Take a look at this Google map excerpt in Tribeca, specifically, a short street wedged along a Holland Tunnel exit ramp that connects Laight and Vestry Streets east of Hudson Street. The map doesn’t identify it, but Street View, if you click on it, gives it as Varick, as does Open Street Map. I’m perplexed by this, since Varick is on the east side of the tunnel approaches, and this is on the west side. The short street itself is Belgian-blocked, as is both Laight and Vestry, which most likely indicates it hasn’t been repaved for many years. The Holland Tunnel was built in the mid-1920s, and this may have been the western end of a once-wider Varick; the tunnel approaches have been reconfigured a number of times over the years.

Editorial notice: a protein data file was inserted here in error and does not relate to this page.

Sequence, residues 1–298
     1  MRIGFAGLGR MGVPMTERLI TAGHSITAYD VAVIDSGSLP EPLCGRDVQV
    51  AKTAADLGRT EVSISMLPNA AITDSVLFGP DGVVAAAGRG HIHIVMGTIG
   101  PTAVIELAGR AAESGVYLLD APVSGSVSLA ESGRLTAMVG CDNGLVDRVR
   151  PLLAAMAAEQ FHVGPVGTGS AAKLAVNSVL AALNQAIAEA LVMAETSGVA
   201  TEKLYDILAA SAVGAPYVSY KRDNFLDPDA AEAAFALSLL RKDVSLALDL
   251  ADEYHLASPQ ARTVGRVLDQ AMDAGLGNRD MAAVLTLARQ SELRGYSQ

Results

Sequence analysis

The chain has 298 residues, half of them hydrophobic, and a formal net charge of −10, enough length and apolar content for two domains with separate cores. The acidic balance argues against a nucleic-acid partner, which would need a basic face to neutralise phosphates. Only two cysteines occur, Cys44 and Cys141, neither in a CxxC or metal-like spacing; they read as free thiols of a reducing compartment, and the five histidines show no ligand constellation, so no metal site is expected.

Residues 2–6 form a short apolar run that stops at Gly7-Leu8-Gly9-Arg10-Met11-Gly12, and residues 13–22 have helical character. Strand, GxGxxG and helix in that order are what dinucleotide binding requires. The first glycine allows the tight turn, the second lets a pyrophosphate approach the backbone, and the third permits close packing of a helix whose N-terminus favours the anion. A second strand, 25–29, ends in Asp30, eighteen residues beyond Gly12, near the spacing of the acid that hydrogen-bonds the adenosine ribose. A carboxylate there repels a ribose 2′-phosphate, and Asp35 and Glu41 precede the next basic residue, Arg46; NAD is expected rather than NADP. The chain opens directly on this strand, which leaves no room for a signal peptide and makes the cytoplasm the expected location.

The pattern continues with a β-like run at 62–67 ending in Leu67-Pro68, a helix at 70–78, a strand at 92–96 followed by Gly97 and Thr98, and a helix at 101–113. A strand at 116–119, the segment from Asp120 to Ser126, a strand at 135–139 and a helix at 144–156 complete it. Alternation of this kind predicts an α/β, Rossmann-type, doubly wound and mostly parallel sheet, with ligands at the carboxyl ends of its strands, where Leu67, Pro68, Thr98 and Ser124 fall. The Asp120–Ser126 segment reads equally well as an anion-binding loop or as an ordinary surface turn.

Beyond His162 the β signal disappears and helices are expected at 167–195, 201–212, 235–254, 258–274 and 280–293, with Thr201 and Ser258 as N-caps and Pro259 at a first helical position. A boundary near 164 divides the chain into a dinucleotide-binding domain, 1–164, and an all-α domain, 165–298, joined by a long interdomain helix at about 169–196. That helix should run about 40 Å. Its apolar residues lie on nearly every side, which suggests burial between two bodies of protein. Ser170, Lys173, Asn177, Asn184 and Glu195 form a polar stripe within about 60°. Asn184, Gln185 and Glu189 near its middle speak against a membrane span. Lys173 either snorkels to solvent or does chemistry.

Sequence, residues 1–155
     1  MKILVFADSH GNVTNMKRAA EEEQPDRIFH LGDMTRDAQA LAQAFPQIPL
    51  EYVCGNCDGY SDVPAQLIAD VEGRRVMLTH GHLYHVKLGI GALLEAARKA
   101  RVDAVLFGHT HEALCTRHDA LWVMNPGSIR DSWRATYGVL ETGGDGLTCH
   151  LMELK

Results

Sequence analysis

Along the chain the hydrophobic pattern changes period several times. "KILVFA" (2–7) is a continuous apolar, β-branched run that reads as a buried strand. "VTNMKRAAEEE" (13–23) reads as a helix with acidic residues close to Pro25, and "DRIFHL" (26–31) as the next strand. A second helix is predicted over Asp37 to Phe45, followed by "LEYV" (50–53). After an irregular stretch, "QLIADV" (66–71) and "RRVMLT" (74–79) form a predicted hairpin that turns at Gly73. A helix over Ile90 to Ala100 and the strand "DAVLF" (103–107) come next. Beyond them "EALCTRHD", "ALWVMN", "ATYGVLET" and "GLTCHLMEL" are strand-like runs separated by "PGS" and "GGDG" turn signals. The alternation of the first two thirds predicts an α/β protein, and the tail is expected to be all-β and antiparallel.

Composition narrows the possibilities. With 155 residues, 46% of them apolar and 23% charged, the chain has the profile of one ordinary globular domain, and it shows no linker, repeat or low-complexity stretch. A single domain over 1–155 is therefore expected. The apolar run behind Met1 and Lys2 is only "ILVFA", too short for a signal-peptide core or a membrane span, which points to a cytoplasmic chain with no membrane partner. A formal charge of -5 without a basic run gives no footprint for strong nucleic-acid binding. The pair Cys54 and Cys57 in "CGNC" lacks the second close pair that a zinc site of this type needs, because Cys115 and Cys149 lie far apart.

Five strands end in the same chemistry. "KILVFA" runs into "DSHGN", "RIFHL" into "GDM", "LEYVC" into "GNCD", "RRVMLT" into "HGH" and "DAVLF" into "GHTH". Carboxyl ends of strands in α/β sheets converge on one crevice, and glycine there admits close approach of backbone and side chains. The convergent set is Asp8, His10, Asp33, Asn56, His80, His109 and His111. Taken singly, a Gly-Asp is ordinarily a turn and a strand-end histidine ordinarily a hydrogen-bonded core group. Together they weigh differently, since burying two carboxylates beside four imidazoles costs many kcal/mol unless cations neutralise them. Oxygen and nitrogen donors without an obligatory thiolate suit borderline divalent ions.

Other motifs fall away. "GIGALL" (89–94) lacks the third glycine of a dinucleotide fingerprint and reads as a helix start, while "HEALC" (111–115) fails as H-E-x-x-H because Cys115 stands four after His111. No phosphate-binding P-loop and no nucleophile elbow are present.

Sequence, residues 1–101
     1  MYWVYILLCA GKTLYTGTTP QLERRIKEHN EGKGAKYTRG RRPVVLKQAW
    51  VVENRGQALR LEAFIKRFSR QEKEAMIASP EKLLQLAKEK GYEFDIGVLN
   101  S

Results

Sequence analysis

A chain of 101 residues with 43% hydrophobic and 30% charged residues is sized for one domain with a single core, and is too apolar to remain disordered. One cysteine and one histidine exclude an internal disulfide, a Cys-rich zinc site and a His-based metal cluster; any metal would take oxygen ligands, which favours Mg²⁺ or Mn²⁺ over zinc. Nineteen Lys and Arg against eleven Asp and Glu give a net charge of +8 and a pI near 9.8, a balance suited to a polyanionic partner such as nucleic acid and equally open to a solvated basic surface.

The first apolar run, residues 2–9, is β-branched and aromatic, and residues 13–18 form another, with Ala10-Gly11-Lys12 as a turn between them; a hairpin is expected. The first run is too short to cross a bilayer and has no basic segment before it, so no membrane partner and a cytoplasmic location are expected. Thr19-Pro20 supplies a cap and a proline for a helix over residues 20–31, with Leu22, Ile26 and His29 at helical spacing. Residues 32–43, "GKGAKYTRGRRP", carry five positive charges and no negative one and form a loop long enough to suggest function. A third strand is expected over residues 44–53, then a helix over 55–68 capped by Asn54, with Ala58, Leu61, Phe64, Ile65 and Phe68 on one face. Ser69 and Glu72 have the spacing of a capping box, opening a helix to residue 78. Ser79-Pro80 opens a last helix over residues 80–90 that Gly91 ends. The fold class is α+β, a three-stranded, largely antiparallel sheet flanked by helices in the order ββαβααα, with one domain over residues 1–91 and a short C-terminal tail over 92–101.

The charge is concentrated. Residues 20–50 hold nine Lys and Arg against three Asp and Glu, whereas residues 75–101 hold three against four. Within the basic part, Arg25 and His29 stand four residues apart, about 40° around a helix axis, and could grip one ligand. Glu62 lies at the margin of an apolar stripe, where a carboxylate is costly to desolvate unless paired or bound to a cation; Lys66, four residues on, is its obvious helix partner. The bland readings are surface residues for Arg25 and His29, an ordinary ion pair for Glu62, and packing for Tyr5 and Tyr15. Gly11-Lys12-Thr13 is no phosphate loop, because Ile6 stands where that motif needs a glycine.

But the wider abiding mystery is the presence of a thick, rusted pole. It has some very short crossbars, which indicates it once carried wires of some kind…but what wires? Telephone wires were banished underground after the Blizzard of 1888. Trolley wire? Equally unlikely, as Manhattan trolleys were also served by underground wires unlike the outer boroughs where trolleys ran on overhead catenary wire; some of the supporting iron poles are still scattered around if you know where to look for them.
So was this a part of Varick? And what function did the pole have? The floor is open in Comments.
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